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And Then There Was Silence

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posted on Nov, 2 2016 @ 10:15 PM
There’s not a lot of room inside the vehicle. There’s all manner of comms and other stuff, and just about enough room for a ‘small’ guy. A big guy, like me; it’s cramped. But everything is at your fingertips. You’ve got a vest, ammo pouches and a bag. You don’t know when you’re coming back; it might be tonight…it might not be for 3-4 days. You don’t just jump in with your bag, it’s too tight for that. You’re lucky if you can squeeze in with your armor and ammo. You have to stuff your bag somewhere else. You actually have to come up with a ‘fold-up’ solution to get inside…and you have to be fast too.

Once the doors are closed it’s hot. The radios whine. It becomes this little cocoon of people. The world outside is like a different planet (from inside). Things you would never do in regular life are normal. That guy with his leg rubbing on yours is no issue; that guy with his arm around / hand on your shoulder is no issue. You do what it takes to fit inside. It is a “capsule” of sorts. You’re focused.

And as the engine revs up and down so does the radio whine up and down. It’s quiet in a manner of speaking, loud but quiet all the same. The windshield is not spotless like the Air Force boys, but rather dusty and streaked from sandstorms, splattered with mud and pocked from impacts of rocks (and maybe even fragments). The glass, several layers thick, is nearly impossible to clean completely. You’re in your own World.

When you leave the compound or base where you are there is a bit of fear for a moment. It doesn’t last long though. It’s not long before that feeling of being a “machine” sets in, an invincible machine. For all the discomfort, this is “real”, this means something.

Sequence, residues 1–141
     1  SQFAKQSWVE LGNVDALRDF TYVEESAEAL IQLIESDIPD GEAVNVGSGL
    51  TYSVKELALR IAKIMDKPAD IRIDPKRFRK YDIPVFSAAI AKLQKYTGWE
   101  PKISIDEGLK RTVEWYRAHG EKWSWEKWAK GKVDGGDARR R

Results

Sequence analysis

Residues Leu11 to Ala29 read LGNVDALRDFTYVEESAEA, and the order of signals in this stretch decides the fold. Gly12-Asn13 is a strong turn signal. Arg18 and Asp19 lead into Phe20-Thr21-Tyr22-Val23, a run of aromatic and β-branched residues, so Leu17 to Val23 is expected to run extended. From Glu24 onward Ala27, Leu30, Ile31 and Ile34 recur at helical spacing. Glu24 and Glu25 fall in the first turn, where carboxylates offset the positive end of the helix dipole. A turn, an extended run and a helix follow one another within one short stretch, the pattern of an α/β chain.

Seldom is the drive fast, and seldom is it over quickly; you learn this pretty fast. If you don’t, you’re miserable.

I don’t think you really think about politics in the moment, or the president; I’m not even sure you focus on who the enemy is really, other than the fact there IS one out there. They (the enemy) don’t really have a face, or a name; they just pop up and start shooting at you. It sounds like toys the first time you hear it, not even real. It doesn’t sound real until someone gets hit, maybe in the hand or the foot or some other wild place (or gawd forbid, worse). Most of the shots are wild, but they’re real. And they’re deadly, and when you see that you realize it’s all real.
Often it might just be one (or 2-3) guys shooting in an otherwise peaceful place. After returning fire they usually vanish; you never know if they’re dead or if they just ran (most likely ran away).

Day after day, and month after month you do it over and over again. The result is always the same. There is no clear winner, and no clear loser; there is just another day of the same. Over and over.